This week I’m sharing a blog on Medicaid from Dave Zumpano, who focuses in Medicaid planning.
Now, here’s Dave’s blog:
Blog Author: David J. Zumpano, Esq, CPA, Co-founder Lawyers With Purpose, Founder and Senior Partner of Estate Planning Law Center
Many clients who come into my office in search of “qualifying for Medicaid” are concerned about losing their assets. Unfortunately, in many instances they got advice at the beauty shop or coffee shop (and sometimes a lawyer) to give their assets away so that they could be protected if sixty months goes by.
As we know, there is no rule that says a client has to wait 60 months, even if they transferred assets, and we are typically able to get clients qualified in much shorter periods of time, even in crisis. When preplanning, we are also able to protect between fifty and one hundred percent of assets immediately with the proper facts and planning. Understanding this level of planning requires a complete and thorough understanding of the 12 key Medicaid rules and how they apply to each client differently. For a demonstration of how the LWP industry exclusive software documents tally in minutes for any client fact pattern go to http://www.lawyerswithpurpose.com/Estate-Planning-Drafting-Software.php to schedule a software demo.
A key challenge for many clients who have already transferred assets is, how does it figure in in determining their eligibility now, in crisis, or later if they are preplanning. (The answer comes down to two distinctions.)
First, has the transfer been within the sixty months of when they come to see you? If so, the amount of the transfer should be added back to the client’s assets as if they still owned them. That is the practical result when applying for Medicaid if within the sixty months of the application. Re-including the assets provides a proper picture of all assets of clients that have to be considered in determining how much can be protected and how much would be lost if the client is in crisis or will require long-term care within sixty months of the transfer.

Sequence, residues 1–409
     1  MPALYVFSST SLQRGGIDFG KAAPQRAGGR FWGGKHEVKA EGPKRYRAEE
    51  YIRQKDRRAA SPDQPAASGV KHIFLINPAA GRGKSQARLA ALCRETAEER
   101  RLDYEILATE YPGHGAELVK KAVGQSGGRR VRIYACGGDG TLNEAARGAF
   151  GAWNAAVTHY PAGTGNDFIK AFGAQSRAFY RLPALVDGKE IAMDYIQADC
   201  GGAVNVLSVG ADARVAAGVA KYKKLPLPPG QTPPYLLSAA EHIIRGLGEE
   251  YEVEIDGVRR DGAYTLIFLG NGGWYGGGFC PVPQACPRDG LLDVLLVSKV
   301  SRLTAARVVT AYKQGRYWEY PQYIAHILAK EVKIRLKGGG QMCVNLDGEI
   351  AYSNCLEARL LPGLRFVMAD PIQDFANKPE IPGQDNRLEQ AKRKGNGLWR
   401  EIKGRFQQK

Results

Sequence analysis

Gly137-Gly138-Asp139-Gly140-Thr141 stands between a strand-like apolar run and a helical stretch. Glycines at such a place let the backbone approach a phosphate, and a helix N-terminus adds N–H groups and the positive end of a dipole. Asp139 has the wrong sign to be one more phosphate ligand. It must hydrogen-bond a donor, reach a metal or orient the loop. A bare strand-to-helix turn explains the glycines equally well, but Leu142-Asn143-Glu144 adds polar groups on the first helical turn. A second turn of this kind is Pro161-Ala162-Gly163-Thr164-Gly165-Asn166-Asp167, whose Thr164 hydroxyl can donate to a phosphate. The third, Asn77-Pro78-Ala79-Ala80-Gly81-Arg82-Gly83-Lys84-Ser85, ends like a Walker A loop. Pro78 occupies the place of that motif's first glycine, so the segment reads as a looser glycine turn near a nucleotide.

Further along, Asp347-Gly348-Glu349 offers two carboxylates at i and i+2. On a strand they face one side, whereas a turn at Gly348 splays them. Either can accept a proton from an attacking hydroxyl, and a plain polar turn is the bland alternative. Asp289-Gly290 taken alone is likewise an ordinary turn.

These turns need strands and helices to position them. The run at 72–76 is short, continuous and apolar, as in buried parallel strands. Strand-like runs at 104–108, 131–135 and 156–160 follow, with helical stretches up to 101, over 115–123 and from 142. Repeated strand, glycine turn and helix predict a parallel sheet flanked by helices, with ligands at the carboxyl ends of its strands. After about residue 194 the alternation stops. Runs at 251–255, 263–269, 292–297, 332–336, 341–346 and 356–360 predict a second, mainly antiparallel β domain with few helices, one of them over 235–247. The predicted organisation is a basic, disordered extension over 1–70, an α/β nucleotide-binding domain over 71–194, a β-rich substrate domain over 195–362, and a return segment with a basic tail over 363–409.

After re-including the transferred assets, you must then calculate the amount of assets that will be protected and those that will be needed for care (in a crisis case), or, could be needed in a preplanning case, (if care is within sixty months). The key distinction actually comes down to funding. Pre‑transferred assets are a funding issue, not a calculation issue. After adding back the transferred assets and completing the calculations to determine the amount protected, then the first funding task is to allocate the previous transfer to the amount protected and then you only have to fund the balance. If the previous transfers are more than the amount of assets that could be protected, the family must make up for the excess transfer by giving it back (cure). If the amount previously transferred is less than the amount protected then the balance of the assets that can be protected, are thereafter transferred pursuant to the asset protection plan created by the attorney.
While complicated in the written word, with a proper understanding of the law and how to apply it to each client and when you have the software that calculates and supports the law and provides calculations in real time utilizing the Medicaid laws, you are able to confidently help your client protect their assets.
Stephen C. Hartnett, J.D., LL.M.
Associate Director of Education
American Academy of Estate Planning Attorneys, Inc.
9444 Balboa Avenue, Suite 300
San Diego, California 92123
Phone: (800) 846-1555
Latest posts by Steve Hartnett (see all)
- Nongrantor Trusts Can Be Very Useful in Certain Situations - December 11, 2018
- Grantor Trusts Provide Flexibility and Ease - December 4, 2018
- Proposed Regulations Address “Clawback” Issue - November 27, 2018